Quaker criminal justice group condemns the “war on drugs” on moral grounds

The expert Quakers in criminal justice group has called for British Quakers to help put an end to the UK’s damaging “war on drugs” policy, in a clear and strongly-worded statement. Quakers in Criminal Justice (QICJ) is an informal network of British Quakers involved in the criminal justice system, offering members information on penal issues and mutual support. The members include Quaker prison chaplains, probation officers, magistrates, prison governors, prison visitors, solicitors, barristers, judges, prison psychologists, psychiatrists, ex-offenders, members of boards of visitors, police officers, victim support workers, academics and others.

The new Minute reads:

The Decriminalisation of the personal use of illegal Drugs.

Quakers in Criminal Justice met in February 2019 to discuss, learn and discern matters relating to drug policy. The conference concluded having discerned the following Minute:

We feel strongly that the present drug policy causes harm as it is based on the criminalisation of people who use illegal drugs. We learnt that criminalisation is ineffective in reducing illegal drug use and that systems used to control drug use make no impact upon prevalence.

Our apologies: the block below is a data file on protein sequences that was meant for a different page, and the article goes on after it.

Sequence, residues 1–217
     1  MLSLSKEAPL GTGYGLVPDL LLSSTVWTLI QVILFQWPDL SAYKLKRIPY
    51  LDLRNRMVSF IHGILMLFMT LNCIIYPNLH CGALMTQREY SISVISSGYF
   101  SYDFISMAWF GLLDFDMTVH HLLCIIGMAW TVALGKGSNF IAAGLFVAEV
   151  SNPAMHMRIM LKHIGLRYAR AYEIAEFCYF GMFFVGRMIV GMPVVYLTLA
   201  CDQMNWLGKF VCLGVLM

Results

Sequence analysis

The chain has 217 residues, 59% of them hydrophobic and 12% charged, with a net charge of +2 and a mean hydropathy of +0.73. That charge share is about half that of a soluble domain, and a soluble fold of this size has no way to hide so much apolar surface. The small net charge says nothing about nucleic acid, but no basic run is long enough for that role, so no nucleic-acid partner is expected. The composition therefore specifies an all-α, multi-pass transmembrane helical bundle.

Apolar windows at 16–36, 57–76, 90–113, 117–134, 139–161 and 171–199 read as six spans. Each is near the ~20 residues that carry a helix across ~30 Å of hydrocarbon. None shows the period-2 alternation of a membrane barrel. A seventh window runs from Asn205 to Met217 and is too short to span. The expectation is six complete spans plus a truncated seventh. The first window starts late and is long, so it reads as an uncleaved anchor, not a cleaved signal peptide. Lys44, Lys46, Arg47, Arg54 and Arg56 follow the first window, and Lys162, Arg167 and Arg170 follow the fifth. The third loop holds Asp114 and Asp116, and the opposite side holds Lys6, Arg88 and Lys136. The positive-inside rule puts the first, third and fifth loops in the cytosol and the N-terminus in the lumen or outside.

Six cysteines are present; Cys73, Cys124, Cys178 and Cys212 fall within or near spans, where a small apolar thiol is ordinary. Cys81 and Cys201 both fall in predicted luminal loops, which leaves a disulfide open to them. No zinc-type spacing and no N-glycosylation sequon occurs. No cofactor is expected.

We understand that doing nothing is to condone the status quo and the harm caused by the current policy. Quakers in Criminal Justice understand that legal regulation will provide greater protection to people who use drugs. We need a health based system which encompasses harm reduction, health, social care and community resilience.

We consider that drug problems must be addressed alongside the problems caused by an unjust and unequal society. We believe it would be beneficial to have a regulated and licensed supply of all drugs. Public education is essential to convey that legal regulation would safeguard people who use drugs and the wider society as a whole – preventing deaths, drug related crime and reducing the involvement of organised crime.

We appreciate the deepening of this subject and we encourage Friends to explore how we can influence public opinion and political decision making. Friends can be in touch with the Quaker Decriminalisation Network about actions that can be taken.

This is a moral issue and Friends can be a force for change. We call upon Quakers in Britain to gain clarity on how to end the ‘war on drugs’.

We ask that our Recording Clerk consider how to make best use of this Minute.

Signed –  Quakers in Criminal Justice

On 25 June – UN International Day Against Drugs – parents from across the UK will march to call for drugs to be legally regulated to protect children from harm (photo: Transform).

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